Developer Sues L.A. After Area Planning Commissioners Reject Multi-Family Project

A development controversy also now an expanding legal controversy, after a local planning commission rejected a controversial development proposal allowed by zoning.

2 minute read

February 24, 2020, 9:00 AM PST

By James Brasuell @CasualBrasuell

"A West Hollywood-based real estate company has sued the city of Los Angeles, saying appointees of Mayor Eric Garcetti violated state law by rejecting plans for a 577-unit apartment complex in South Los Angeles," reports David Zahniser.

"Lawyers for District Square LLC said in their lawsuit that the South Los Angeles Area Planning Commission, a five-member panel made up of mayoral appointees, violated the Housing Accountability Act by denying their client’s application to build a six-story residential project."

As a market-rate development attracted gentrification and displacement controversy before the South Los Angeles Area Planning Commission (APC), in an advisory role, rejected the plan in November. Herb Wesson, who represents the area and serves as the president of the Los Angeles City Council, proposed an "anti-displacement zone" in response to the controversy.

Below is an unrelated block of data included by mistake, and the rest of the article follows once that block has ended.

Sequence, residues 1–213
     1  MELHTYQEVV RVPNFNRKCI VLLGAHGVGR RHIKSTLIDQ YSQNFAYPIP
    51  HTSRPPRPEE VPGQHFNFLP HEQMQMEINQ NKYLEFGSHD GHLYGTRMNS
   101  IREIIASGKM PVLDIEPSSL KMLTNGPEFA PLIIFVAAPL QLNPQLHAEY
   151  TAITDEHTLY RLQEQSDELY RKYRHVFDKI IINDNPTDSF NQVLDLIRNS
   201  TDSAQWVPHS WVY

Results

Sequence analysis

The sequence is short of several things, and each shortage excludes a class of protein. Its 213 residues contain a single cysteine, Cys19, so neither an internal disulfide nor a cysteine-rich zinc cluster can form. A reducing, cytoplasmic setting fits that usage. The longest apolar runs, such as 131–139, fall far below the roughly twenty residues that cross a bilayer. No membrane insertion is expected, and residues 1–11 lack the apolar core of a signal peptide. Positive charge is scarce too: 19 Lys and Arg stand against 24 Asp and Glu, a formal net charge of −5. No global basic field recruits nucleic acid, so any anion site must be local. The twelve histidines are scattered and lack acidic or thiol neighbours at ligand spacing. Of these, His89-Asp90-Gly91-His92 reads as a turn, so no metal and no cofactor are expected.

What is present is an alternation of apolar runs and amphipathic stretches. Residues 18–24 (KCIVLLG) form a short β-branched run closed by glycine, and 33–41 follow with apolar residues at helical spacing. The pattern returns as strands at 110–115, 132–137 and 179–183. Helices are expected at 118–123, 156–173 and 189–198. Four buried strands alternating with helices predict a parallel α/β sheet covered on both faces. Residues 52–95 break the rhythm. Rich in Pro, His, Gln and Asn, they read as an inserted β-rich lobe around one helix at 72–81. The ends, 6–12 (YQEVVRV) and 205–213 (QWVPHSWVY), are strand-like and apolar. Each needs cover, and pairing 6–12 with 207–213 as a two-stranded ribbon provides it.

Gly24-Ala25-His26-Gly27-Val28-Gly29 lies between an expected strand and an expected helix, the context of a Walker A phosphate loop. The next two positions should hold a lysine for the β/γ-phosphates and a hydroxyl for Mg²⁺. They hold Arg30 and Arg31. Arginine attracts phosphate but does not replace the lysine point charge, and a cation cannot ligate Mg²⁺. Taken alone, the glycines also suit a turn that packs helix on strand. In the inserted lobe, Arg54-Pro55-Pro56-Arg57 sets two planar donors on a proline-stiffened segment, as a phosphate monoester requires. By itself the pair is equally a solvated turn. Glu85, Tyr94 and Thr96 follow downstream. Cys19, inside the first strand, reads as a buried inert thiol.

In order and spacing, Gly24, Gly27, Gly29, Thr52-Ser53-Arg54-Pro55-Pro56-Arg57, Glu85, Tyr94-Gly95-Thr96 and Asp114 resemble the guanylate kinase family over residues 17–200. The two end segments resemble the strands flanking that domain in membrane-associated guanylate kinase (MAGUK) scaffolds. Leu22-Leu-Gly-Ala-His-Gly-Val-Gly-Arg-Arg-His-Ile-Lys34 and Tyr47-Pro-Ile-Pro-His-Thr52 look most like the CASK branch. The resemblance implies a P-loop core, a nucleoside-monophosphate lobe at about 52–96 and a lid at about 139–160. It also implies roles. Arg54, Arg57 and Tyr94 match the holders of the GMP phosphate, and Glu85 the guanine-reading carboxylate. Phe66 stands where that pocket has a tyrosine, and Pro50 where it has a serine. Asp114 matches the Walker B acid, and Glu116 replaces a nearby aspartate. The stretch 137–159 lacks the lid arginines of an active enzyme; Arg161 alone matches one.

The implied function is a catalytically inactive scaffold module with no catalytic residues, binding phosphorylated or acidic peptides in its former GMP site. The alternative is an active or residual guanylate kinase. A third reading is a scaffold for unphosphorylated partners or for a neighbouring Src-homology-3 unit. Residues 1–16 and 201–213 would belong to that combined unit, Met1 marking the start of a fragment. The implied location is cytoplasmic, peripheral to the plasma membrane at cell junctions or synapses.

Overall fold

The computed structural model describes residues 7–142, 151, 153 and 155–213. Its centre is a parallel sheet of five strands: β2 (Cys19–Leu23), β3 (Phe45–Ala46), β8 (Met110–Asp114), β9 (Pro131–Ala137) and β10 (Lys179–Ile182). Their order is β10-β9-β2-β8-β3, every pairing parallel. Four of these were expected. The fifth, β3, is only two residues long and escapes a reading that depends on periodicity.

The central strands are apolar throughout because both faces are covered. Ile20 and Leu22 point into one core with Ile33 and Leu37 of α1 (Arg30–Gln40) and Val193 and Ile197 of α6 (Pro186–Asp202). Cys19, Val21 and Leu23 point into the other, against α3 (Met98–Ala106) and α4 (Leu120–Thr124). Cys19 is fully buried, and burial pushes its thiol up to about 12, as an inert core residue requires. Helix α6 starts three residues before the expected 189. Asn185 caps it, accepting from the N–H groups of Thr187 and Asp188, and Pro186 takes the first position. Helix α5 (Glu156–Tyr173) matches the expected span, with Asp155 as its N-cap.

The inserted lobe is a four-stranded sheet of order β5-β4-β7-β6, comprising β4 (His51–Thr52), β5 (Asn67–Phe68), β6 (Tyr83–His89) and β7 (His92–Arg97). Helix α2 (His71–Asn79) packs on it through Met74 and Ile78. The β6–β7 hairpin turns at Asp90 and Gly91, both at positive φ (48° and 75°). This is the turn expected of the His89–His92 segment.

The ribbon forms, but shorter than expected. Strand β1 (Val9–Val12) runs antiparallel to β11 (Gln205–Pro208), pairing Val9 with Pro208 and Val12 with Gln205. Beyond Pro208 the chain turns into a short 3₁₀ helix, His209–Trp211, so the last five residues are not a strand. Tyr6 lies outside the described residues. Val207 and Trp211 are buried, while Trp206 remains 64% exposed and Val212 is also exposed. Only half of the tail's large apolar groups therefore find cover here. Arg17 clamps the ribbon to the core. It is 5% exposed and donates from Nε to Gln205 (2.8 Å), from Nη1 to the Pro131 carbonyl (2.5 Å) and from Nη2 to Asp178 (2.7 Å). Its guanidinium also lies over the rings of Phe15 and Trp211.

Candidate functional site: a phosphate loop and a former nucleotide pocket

The developer is already in legal hot water, according to Zahniser: "District Square LLC is managed, at least in part, by real estate developer Arman Gabay, who is facing bribery and wire fraud charges in a federal criminal case involving county leases. The developer has pleaded not guilty and is awaiting trial."

"Gabay and his company have also received multiple default notices from the city, saying he has failed to repay $6.3 million in taxpayer loans," adds Zahniser. Community leaders are calling for the city to seize the property and build affordable units on the site.

The state law cited in the developer's lawsuit is the Housing Accountability Act, sometimes referred to as the "Anti-NIMBY" Act. Planetizen correspondent Irvin Dawid detailed that state law in an article from August 2017

Friday, February 21, 2020 in Los Angeles Times

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